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Posts Tagged ‘1970’s’

Bumper Skiing

Posted by LOTGK on December 8, 2007

Bumper Ski, the winter sport of the 1970’s in Youngstown, Ohio
A long time ago, (No, this is not a Star Wars Entry) during the winter months in Youngstown, Ohio, we entertained ourselves with a sporting event called bumper skiing. This sport was in no way like bumper bowling where cushions were put in the gutters of the alley’s so you couldn’t toss a gutter ball. Yes, there were gutters involved, but they were street gutters, and there weren’t any cushions.

In a nutshell, bumper skiing is exactly like it sounds. You grab onto the back of a cars bumper and let it pull you down the street as you ski behind it crouching down low to keep your balance.

Equipment needed was a good pair or slippery boots, gloves, preferably thick ones, a car, snow covered streets, and balls of steel. In our gang, we all had the right equipment to compete in this event.

At first, bumper skiing was not an event or competition, but merely a fun exercise to wile away the winter months. We would wait patiently for neighbors to back out of their driveways and then we would latch on to the bumper and let it drag us up the street. When the car slowed down for the stop sign we would let go and glide to a perfect stop. What a rush that was. Sometimes the car would get up to about 20 MPH. Being on a side street and with plenty of snow in the street, the cars never got a chance to get going much faster than that in the winter. This continued for sometime and it seemed like we were satisfied.

Of course, we had to have more. The Daredevils Club blood that coursed through our veins (I will explain the Daredevils Club and their antics in upcoming entries) demanded more action, more daring feats, more dangerous stunts, more risk. The escalation would have to wait however, until we got our drivers license. Then, we could control the course, the length, and the speed of bumper skiing. We now had our recipe for disaster.

To start out, we picked the local cemetery across the street of the main highway, Market Street. There we would have seclusion from other cars, especially police cars, and plenty of snowy pathways to ski on.

Let the games begin. The cemetery had a long straightaway where we could get the car going pretty fast, way faster than the 20 MPH we were accustomed to. We would now approach speeds up to 40 MPH and then when the car started to slow down, we would let go and coast to safety. But we still needed more. The next time, we decided to hang on even when the car slowed down to turn around. So there we were, hanging on, balls to the wall, when the car slowed down, and by the force of gravity, pressed us against the car bumper. Still, we hung on for dear life as the car began to turn right. We instinctively leaned into the turn and navigated it quite well. Hey, we were pretty good at this. The car then straightened out and took off again. We held on. In no time we mastered the cemetery and looked for bigger and better pathways. The local park, Mill Creek Park, would be the answer.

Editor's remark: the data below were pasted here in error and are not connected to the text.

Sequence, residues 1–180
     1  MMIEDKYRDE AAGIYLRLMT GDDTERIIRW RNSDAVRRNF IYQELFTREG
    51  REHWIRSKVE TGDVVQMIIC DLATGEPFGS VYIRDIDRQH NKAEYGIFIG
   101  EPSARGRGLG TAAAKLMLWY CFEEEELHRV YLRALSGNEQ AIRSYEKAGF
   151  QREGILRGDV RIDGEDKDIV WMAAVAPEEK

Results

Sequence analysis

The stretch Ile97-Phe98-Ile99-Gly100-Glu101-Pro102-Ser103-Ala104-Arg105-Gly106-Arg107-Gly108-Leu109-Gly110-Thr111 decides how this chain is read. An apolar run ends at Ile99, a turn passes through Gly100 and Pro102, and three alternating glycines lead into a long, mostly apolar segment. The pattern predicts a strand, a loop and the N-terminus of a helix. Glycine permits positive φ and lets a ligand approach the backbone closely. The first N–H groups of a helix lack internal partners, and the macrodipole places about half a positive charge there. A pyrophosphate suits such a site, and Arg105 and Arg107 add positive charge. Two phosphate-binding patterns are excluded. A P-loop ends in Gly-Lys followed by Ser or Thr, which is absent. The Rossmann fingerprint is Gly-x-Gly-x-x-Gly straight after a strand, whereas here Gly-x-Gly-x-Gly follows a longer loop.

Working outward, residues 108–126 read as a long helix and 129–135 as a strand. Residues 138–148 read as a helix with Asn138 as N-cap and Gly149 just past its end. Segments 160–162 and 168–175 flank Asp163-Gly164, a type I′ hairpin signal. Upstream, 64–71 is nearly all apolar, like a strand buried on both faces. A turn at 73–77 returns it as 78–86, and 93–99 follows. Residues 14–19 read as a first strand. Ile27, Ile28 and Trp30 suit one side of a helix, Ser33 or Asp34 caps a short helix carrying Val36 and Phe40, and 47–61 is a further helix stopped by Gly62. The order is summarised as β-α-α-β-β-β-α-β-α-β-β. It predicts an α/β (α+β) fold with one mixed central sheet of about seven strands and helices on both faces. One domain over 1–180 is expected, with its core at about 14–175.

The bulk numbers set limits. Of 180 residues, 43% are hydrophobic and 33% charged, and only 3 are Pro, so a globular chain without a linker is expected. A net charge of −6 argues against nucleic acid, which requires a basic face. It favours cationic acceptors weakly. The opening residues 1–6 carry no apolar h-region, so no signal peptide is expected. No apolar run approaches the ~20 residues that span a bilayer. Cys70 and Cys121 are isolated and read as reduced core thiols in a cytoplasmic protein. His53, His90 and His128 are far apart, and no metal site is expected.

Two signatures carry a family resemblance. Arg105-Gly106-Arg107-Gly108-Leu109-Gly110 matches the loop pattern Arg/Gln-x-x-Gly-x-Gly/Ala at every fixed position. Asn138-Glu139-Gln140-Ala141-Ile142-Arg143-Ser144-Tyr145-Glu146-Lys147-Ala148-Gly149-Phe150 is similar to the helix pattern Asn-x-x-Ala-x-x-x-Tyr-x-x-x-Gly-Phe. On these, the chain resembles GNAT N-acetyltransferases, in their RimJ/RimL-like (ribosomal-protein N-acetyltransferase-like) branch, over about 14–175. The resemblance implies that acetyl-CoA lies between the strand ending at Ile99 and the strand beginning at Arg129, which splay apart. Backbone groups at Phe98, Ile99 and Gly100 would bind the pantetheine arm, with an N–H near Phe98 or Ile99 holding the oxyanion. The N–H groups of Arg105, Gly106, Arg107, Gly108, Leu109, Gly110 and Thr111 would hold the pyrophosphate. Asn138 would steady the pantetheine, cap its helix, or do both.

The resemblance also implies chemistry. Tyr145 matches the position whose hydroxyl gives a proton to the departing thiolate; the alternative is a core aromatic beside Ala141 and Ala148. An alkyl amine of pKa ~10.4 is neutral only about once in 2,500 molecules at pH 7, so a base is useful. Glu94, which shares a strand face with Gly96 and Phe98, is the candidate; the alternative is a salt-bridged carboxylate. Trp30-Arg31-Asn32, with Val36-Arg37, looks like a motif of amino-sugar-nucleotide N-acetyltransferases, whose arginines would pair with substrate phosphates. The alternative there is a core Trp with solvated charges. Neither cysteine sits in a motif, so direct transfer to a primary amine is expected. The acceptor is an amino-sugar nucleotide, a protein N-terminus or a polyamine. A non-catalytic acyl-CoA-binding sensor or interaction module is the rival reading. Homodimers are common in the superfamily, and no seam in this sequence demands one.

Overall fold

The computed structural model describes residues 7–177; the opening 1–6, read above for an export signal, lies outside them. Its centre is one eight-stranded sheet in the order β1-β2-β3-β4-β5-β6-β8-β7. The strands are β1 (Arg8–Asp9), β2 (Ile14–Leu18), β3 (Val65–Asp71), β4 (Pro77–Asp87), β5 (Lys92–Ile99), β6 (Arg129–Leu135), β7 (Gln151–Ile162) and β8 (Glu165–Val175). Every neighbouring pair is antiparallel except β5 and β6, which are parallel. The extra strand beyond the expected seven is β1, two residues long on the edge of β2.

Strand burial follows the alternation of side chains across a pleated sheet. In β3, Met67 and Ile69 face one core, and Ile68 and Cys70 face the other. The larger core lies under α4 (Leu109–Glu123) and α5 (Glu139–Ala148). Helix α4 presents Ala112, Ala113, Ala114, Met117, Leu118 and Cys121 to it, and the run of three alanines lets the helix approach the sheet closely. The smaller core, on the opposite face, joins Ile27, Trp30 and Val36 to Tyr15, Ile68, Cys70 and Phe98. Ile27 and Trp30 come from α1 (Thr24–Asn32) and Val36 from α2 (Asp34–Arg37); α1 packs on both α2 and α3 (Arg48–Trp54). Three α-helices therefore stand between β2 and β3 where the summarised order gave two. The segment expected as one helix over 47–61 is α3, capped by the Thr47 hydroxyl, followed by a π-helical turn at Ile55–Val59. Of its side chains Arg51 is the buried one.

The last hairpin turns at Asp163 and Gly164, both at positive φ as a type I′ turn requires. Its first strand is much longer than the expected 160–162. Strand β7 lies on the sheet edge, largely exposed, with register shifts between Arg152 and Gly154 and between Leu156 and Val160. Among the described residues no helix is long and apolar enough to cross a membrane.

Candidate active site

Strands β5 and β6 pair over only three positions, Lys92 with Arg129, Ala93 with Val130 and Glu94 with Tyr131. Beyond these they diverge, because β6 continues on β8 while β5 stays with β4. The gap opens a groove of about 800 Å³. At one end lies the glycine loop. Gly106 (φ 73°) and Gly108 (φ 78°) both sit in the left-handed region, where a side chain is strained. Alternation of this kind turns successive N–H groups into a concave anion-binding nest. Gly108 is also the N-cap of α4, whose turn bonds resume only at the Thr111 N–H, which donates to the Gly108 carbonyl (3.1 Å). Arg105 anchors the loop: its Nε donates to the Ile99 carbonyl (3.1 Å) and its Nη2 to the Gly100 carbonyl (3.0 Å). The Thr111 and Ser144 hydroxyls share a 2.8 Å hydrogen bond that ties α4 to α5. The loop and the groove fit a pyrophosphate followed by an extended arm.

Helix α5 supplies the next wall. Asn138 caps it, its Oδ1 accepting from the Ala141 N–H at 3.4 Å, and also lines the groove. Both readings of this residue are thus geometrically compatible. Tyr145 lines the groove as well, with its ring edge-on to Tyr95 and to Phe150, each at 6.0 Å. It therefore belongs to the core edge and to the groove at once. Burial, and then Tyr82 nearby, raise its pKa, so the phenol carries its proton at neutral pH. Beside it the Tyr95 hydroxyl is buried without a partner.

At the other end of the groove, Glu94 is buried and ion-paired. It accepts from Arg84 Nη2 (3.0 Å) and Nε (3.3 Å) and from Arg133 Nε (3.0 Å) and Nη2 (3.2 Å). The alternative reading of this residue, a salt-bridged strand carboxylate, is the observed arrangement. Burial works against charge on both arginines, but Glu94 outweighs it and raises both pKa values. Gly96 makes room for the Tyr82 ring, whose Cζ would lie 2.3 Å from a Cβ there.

Mill Creek Park was full of miles of winding roads, plenty of hills and dips, and dangerous tight curves. Plus the added thrill of other cars on the road. Not to mention the several park police cruisers patrolling. This was going to be great. We started at the top of Lantermans falls four strong. The car quickly accelerated and a quick left turn brought us to the silver bridge hill where we gathered more speed. A wicked right turn and a quick left and we were over the bridge and gathering speed again. All of us were still hanging on. The road became quite winding from there and it was difficult hanging on. We knew horseshoe curve was coming up. Horseshoe curve was a very tight turn on the way to the short holes golf course. As we approached we tightened our grip. As the car cut hard to the left we tried to hang on but the guy on the far left hit the next guy and we all fell like dominos. We tumbled into the curb gutter but we came out unhurt. This became our Mt. Everest. We kept trying horseshoe curve again and again until we all mastered it.

Bumper skiing was becoming too easy. Until we got a new driver. Alan, the driver, showed no fear or mercy when at the wheel. On one occasion, we were whipping around corners and he floored it making the car fishtail and whip us violently. Amazingly, we held on and were feeling pretty bullet proof. Then the unthinkable happened. Yes, we encountered dry pavement. We hit the dry patch at about 40 MPH and we were torn from the bumper like wooden toy soldiers are tossed in a toy chest. We got banged up pretty good. But we had to go again. And again. No one wanted to let go first so we all took the brunt of the dry pavement. Welcome to the Daredevils Club folks.

Eventually, we got older and bumper skiing fizzled out of our winter sports. But not until we actually took to the main road, a 5 lane highway and went bumper skiing at speeds over 50 MPH with cars right behind us ready to run us over if we slipped and fell. It still shocks me today that none of us were killed during bumper skiing, or the other dangerous stunts and antics we did in our club.

But those are other stories, other legends, for a later time.

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State Of The Art 8 Track Tape Player

Posted by LOTGK on December 5, 2007

The Grassy Knoll Institute Stereo System Circa 1981

The stereo system above was my pride and joy in 1981. I bought the system at Custom Sounds, a now defunct “Hip” stereo outlet. There were many choices to consider, many brands, and configurations, but I knew what I wanted. Deep heavy bass and loud. Loud enough to make my ears bleed.

The above pictured system was the one selected. It was powered by a Yamaha receiver pushing an incredible 180 watts, 90 per channel. To handle all this power, I had two American Acoustic Labs tower speakers. Each speaker had a 12 inch bass, a 12 inch woofer, twin 5 inch midranges and a bullet horn tweeter. This wasn’t your mom’s Hi-Fi player. This had power, window shattering power.

On top was a Yamaha turntable. yes kids, there weren’t any CD’s back then.